Graduate builds world's fastest rapid-compression machine

04 June 2012

Gavin Evezard Braking records: Gavin Evezard has built what's considered the world's fastest rapid-compression machine, able to stop a piston at times well below those of any other such machine.

Mechanical engineering PhD graduate Gavin Evezard singlehandedly built the world's fastest rapid-compression machine, or RCM, a machine that could set the tone for improved fuel combustion in automobile engines.

Evezard, who graduates on 7 June, first explored the concept of a faster RCM in his final undergraduate year; built a prototype for his master's; and completed the real thing for his PhD. The machine investigates what happens when an air/fuel mixture is squeezed very suddenly.

"It reveals a lot about the fuel," explains Evezard's supervisor, Adjunct Professor Andy Yates, explains. "What happens is that it 'thinks' about burning for a moment, starts to burn, stops burning and then explodes. These timescales are crucial to extracting the optimal combustion performance from fuels."

The automated RCM Evezard built stops a piston that is moving at up to 40km/hr in less than one half of a millisecond (ie one half of a thousandth of a second). That's twenty times faster than a blink of an eye.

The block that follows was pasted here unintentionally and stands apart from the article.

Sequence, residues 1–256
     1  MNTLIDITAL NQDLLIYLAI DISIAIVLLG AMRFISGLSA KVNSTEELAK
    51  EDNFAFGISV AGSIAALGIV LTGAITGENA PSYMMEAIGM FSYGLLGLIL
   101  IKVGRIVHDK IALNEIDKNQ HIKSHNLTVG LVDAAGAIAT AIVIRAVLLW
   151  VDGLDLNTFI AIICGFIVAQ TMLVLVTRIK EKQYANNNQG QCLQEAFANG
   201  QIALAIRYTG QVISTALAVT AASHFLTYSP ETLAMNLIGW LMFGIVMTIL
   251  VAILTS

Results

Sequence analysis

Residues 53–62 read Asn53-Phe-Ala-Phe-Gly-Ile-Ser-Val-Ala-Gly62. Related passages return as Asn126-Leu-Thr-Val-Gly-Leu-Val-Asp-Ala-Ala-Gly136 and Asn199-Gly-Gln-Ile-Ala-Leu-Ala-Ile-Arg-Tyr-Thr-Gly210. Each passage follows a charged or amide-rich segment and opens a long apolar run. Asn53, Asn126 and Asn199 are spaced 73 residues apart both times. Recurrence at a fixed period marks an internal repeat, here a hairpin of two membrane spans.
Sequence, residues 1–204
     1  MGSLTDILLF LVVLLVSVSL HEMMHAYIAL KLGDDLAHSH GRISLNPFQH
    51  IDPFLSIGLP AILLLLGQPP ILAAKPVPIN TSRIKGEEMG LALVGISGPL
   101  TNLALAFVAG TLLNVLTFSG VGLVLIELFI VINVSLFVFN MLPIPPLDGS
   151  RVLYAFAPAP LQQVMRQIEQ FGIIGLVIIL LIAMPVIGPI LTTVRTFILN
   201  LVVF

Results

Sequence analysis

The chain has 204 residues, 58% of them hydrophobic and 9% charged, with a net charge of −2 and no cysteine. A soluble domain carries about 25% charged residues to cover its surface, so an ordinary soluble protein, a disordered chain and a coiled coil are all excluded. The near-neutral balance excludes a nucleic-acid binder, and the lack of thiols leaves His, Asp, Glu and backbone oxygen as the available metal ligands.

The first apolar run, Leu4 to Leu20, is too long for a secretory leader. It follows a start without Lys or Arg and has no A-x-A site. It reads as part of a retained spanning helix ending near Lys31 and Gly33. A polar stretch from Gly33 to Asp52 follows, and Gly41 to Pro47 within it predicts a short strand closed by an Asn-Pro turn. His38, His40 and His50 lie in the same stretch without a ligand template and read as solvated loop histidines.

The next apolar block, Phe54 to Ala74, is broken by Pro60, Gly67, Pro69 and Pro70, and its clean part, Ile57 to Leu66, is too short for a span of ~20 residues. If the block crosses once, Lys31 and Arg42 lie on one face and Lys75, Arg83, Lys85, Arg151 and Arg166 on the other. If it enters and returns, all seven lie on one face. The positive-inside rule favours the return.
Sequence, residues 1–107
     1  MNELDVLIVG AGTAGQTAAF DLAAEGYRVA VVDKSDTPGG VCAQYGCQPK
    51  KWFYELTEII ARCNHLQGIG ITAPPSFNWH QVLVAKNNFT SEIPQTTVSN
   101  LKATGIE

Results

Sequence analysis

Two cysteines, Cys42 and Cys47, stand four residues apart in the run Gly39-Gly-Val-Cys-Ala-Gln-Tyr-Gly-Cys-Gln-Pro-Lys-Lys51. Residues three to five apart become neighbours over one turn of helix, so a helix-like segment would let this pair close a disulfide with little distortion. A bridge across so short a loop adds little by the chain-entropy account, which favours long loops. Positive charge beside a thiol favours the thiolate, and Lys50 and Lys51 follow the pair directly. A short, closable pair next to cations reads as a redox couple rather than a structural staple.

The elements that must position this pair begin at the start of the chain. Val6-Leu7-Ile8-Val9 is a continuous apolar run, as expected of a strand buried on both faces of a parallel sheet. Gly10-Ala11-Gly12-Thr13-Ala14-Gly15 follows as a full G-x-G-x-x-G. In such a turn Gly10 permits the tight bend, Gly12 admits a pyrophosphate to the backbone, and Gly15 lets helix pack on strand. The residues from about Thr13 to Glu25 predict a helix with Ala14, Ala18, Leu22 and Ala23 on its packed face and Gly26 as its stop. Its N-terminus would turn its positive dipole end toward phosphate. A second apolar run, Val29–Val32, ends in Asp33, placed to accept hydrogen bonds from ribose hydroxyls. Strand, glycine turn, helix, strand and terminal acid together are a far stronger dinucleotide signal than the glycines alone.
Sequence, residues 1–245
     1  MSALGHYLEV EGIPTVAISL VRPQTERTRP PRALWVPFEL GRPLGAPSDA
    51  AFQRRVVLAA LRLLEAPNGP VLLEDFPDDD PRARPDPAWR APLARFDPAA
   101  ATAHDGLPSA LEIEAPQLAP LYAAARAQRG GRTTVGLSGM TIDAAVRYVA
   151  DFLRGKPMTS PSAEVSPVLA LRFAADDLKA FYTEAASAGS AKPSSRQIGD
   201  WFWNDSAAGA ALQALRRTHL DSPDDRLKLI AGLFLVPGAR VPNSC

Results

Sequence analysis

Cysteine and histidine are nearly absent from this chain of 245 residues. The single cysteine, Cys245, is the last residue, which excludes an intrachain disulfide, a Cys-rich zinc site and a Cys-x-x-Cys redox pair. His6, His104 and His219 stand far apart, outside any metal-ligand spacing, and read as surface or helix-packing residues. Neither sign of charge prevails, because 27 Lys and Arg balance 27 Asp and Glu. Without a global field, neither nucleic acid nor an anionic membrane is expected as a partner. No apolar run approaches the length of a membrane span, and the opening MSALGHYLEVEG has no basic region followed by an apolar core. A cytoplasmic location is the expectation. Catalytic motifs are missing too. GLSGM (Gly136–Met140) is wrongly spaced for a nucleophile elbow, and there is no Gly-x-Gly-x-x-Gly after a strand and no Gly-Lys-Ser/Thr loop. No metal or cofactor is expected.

The best rapid compression machines elsewhere in the world are slow by comparison, needing at best two milliseconds to stop a piston.

Speaking from his office at specialised energy operation company Associated Energy Services in Cape Town, Evezard says that for all intents and purposes the machine is ready for use.

"The RCM is typically used in research facilities for fuel characterisation," he says. "Once fuel characteristics have been established and published, the data can be used for various new and existing combustion devices, normally with the intention of improving performance and efficiency."

And even if right now he's not pursuing any further work on the RCM, his study has paved the way for further research at UCT. "There are master's students currently working on the machine to see how hard it can be pushed."

Currently, piston speeds of 50km/hr have been achieved, with equally impressive deceleration times. As to the limits in terms of maximum piston velocity and minimum deceleration time? Only time will tell.

Creative Commons License This work is licensed under a Creative Commons Attribution-NoDerivatives 4.0 International License.

Please view the republishing articles page for more information.